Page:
Renaissance (Paris 2054), (2007)

by | Jul 16, 2007 | DVD & Blu-ray Video Reviews | 0 comments

Renaissance (Paris 2054), (2007)

Voice Talents: Daniel Craig, Jonathan Pryce, Ian Holm
Studio: Miramax 53452
Video: 2.35:1, enhanced for 16:9, B&W
Audio: Dolby Digital 5.1 – English or French
Subtitles: Spanish, French
Extras: Featurette: “The Making of Renaissance” (color)
Length 105 minutes
Rating: ****

I wondered why this animated feature with top voice talents was already coming to DVD after just a few showings at film festivals last year. It did play in theaters in Europe. Perhaps the makers thought it difficult to promote a theatrical showing of a black & white animated feature.  And it is aggressively black & white – no grays in between – something in the style of the recent Sin City.  Again, the trick is used of only having one thing in the entire film appear in color (this time though, it’s not blood).

Clearly, visual style and presentation is the main calling card for this sci-fi crime thriller. Where it differs from Sin City is that rather than being inspired by a graphic novel, its inspiration was sci-fi classics such as Blade Runner and the distinctive camerawork of innovators such as Orson Welles’ cinematographer. There is also a similarity to Richard Linklatter’s films such as Waking Life in there being a very close connection between the final animation and original cinematography of the actors. Finally, there is the breakthru feature Sky Captain and the World of Tomorrow – the first in which the actors performed the entire film without sets, against a blue screen, and everything else was CGI-created later. The unique approach in Renaissance was that all the actors wore skintight black knit outfits with white balls attached to strategic points on their body, which were then filmed by multiple cameras. Using this motion capture process (previously used for special effect scenes in some films), the animators could move the characters exactly as the actors had in real life – imparting a creepy sort of realism to the highly-stylized high contrast animation.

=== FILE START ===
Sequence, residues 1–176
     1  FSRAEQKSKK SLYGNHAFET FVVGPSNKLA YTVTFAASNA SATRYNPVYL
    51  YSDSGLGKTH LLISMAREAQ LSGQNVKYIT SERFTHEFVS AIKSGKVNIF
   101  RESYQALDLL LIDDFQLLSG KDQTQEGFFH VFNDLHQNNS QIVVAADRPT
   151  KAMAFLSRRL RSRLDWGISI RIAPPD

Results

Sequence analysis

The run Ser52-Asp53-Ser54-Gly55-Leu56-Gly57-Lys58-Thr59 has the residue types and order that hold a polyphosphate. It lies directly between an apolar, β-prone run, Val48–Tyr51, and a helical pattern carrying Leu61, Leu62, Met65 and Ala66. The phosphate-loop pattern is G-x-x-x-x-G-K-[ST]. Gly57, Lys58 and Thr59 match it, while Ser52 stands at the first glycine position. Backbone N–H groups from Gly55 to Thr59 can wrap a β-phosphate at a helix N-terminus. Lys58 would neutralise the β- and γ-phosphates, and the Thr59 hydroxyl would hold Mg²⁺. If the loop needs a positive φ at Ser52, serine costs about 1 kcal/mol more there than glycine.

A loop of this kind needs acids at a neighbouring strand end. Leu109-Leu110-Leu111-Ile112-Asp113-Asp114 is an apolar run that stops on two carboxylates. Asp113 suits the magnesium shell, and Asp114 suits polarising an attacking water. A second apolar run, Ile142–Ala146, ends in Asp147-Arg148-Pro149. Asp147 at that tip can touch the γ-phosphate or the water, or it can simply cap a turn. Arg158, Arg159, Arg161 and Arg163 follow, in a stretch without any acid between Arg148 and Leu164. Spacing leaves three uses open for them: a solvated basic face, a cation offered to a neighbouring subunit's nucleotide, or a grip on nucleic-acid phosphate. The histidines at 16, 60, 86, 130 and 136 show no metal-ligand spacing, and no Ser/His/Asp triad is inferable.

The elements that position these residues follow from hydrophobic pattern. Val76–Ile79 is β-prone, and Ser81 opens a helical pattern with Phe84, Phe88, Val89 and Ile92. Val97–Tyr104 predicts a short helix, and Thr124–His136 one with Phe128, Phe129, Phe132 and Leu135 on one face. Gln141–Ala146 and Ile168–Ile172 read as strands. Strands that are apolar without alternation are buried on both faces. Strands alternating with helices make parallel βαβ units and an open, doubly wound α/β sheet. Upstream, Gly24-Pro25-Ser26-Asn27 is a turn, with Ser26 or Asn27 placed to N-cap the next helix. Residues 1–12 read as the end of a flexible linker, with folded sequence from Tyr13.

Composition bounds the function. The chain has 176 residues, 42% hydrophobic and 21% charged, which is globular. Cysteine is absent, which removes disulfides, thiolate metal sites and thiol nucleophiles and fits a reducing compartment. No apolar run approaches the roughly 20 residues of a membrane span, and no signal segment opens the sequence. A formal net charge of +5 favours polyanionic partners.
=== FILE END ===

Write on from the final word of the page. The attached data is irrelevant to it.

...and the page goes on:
The filmmakers are based in Paris and wanted to have that city be the setting for their sci-fi tale of the not too distant future rather than New York or LA, which often have been used in the past.  They created a sort of fantasy Paris, with some of the identifiable attractions such as The Eiffel Tower and the church of Montmarte visible amidst multiple levels of streets, walkways and waterways. Citroen helped design a futuristic car for the lead character, a cop named Karas, played by Daniel Craig. By the way, the animation studio also creates computer games, and their work looks like it, but more sophisticated. It’s not clear whether Daniel Craig, for example, actually wore a motion capture suit and physically played his character – it appears  not.

Avalon is a huge corporation making products to keep people youthful, and seems to have some serious secrets in the area of genetic research. Everyone’s life is monitored and regulated by the police for which Karas works. He has been assigned to track down a girl who worked for an enigmatic surgeon and who disappeared suddenly. In the process he has a relationship with her older sister. The story has most of the genre’s clichés: the tough, loner detective who struggles against all odds, getting horribly beaten up along the way. Also getting fired from his position because he overstepped the authorities; but he continues single-mindedly on his own. The suspicious head of the corporation. The attractive woman who may be a femme fatale. The Godfather-sort of crime lord who is a friend of Karas and aids him in his pursuit. And semi-invisible henchmen who bedevil the hero at every turn.

Still, the visual/aural spectacle is so involving and original that the whole thing seems to work.  The starkness of the storyline is effectively underlined by the stark b&w designs, which are beautifully rendered. The surrounds are put to clever use for scenes in the police headquarters where characters are being monitored. One then hears the voices and sounds filtered and via the surround speakers, whereas when it cuts to the actual scene being monitored the sound switches to the frontal speakers and full range.  The symphonic score, recorded by a nearly full orchestra, adds to the threatening futuristic vision. I see there is a HD DVD version available, but considering the nature of the images I can’t imagine it contributes much – just as the Blu-ray version of Sky Captain also didn’t.

If you’re a computer gamer, check out the Renaissance game here:  
– John Sunier
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